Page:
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Tough economy forces marketers to reorganize

FOCUS ON THE PRIORITIES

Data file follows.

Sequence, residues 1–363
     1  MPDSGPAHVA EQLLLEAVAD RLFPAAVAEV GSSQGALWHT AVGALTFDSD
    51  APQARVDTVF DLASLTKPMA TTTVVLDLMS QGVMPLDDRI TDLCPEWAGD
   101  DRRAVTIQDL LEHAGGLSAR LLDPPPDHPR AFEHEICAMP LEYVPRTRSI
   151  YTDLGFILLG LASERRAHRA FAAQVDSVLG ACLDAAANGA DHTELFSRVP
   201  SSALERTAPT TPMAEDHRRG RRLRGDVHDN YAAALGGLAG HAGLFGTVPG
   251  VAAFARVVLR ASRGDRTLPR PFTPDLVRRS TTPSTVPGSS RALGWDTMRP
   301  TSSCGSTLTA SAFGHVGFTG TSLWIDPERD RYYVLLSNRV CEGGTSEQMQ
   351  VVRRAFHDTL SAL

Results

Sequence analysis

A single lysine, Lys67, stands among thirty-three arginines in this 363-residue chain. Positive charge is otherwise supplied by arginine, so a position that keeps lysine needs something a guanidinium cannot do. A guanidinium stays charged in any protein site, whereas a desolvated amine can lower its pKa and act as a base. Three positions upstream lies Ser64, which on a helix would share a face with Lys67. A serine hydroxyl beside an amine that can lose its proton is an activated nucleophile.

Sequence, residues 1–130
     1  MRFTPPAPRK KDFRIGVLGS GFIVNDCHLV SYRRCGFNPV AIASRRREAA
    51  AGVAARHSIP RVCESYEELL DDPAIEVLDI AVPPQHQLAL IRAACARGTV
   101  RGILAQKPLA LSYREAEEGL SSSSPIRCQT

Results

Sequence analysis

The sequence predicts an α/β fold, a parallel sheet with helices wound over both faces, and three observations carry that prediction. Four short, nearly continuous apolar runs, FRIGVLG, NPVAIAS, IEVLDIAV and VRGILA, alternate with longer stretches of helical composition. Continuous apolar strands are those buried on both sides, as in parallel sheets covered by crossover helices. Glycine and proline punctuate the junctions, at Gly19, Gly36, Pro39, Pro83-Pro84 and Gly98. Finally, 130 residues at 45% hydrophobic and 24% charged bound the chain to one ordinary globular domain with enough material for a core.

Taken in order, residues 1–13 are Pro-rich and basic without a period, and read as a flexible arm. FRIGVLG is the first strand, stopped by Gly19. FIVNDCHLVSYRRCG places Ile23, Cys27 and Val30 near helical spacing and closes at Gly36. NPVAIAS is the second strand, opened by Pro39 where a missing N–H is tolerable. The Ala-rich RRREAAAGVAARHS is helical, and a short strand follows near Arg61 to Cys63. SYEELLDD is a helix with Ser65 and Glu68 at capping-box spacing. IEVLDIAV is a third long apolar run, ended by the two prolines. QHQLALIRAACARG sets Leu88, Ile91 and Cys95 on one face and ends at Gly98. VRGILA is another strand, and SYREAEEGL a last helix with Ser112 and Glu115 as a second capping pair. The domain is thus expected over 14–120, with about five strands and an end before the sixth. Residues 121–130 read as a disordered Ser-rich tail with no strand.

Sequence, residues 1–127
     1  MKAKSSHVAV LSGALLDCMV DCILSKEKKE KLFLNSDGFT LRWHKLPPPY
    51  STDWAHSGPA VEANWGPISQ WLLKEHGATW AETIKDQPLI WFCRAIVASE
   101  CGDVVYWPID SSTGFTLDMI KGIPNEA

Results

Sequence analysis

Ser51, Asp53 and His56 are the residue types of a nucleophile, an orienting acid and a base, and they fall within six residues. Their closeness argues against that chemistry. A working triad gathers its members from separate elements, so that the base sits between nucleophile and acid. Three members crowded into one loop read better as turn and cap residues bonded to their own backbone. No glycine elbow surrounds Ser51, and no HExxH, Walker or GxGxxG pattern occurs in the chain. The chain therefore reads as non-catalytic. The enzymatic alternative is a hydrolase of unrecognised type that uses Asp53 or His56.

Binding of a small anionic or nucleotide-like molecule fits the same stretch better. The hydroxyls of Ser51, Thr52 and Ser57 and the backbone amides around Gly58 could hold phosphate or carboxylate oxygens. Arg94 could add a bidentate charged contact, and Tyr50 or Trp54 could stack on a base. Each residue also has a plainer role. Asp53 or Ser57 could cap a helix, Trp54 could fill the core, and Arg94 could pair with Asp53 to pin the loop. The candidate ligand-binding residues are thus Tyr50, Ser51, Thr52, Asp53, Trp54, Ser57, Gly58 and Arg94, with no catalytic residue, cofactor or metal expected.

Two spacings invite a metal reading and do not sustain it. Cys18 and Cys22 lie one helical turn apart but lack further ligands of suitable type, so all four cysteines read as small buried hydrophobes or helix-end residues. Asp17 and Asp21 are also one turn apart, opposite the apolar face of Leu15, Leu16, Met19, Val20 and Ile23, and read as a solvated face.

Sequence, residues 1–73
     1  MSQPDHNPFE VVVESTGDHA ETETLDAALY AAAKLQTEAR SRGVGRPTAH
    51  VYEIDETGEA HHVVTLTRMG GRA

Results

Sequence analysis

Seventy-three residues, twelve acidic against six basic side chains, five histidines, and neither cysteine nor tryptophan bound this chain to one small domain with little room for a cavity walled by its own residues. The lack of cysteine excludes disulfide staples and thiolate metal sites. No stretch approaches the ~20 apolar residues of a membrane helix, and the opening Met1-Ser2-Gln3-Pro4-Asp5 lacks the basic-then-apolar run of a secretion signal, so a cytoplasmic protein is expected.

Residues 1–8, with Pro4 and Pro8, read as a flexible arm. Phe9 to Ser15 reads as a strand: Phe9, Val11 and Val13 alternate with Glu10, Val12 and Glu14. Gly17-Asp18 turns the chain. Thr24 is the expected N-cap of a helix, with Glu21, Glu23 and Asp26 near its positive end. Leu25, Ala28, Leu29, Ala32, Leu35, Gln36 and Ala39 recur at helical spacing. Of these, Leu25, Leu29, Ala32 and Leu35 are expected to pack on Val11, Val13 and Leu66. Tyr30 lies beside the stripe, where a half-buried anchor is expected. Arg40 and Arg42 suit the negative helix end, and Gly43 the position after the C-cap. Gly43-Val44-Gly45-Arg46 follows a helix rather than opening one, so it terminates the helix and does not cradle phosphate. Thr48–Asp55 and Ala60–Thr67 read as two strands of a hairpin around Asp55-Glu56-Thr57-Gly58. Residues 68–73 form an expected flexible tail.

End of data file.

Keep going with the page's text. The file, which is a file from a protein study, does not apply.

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“We went through each division to focus on the priorities and programs,” McGovern said. “In the past, we would develop programs that were specific to individual products (such as USG Sheetrock). This year, we wanted to be as efficient as possible with our dollars and make our communications easy for the end-user to understand, so they're not being bombarded with different messages and services from different groups.” The result was a solutions approach in which USG markets bundled solutions around a marketing message designed to meet a need, such as increased productivity. “A contractor wants products that perform well and are quick to install, so they have more jobs in a day,” McGovern said. “We have a suite of different products and solutions. So, for example, we can talk about productivity in full-page print ads, then follow up with one-third-page ads that talk about specific products that play off a bigger brand message.” USG is also increasing its marketing to verticals in which there is still a significant amount of building going on, such as health care and education. Other marketers said the economy has given them an opportunity to make their marketing organizations ultimately be more efficient. “The economy has helped us on an organizational front,” said Eduardo Conrado, senior VP-global business and technology marketing at Motorola Inc. “In the past, we were organized by business units. We had five different product marketing organizations, which are now consolidated under a single product marketing organization that reports to my group.” This consolidated approach helps Motorola provide more of a solutions approach to its key verticals, such as government and commercial, Conrado said. “In the government business, we have very specific solutions for public safety and, in the commercial business, we have solutions around transportation logistics,” he said. “In the middle, you have mobilized government enterprise. As the government is looking at automating its trucking fleets, for example, they can use some of our enterprise solutions.” Conrado said the consolidated product marketing organization also helps Motorola develop new products that meet customer needs in a tight economy. “Our customers are looking to leverage what they have in place and augment their technology investments, instead of doing a complete overlay,” he said. “You have to have someone looking at the complete portfolio.” For example, within the retail industry, Motorola has products such as two-way radios for store employees, mobile computers for scanning and inventory, and VoIP phones for store managers. Under the old structure, “All of these products were siloed,” Conrado said. Under a consolidated product marketing structure, Motorola realized a need to link all these products to better serve the retail industry, so it added software that allows the different devices to communicate. Motorola has taken other measures to streamline its marketing this year, including an agency consolidation that reduced its roster of global agencies from several dozen to about a dozen. “Before, every segment went out and got an agency they liked, which was not good at presenting a cohesive Motorola message across the brand,” Conrado said. Consolidating agencies and campaigns has proved successful for other marketers looking at being more efficient in the down economy. Nigel Dessau, senior VP-CMO at chip maker AMD, said that when he joined the company in March 2008, AMD was using more than 1,000 global agencies, and the company was running about 900 different campaigns. “That is a terrible way to use money,” said Dessau, who began implementing new procedures and processes to streamline the marketing organization. Now, there are about 300 agencies on AMD's approved supplier list, and four major campaigns around its core businesses. “It has really been about driving simplicity and focus,” Dessau said. AMD also initiated a new process for product introductions. Previously, “everyone ran their own,” Dessau said; now, there is a single launch process to eliminate inefficiencies. “We've established a series of systematic processes that allow people to work better,” Dessau said. “In the [time] that I've been here, this is a completely different company than when I joined.” Dessau said a “classic error” for marketers is to make too many cuts in a down economy. “You need to actually place an investment in a down cycle,” he said. M
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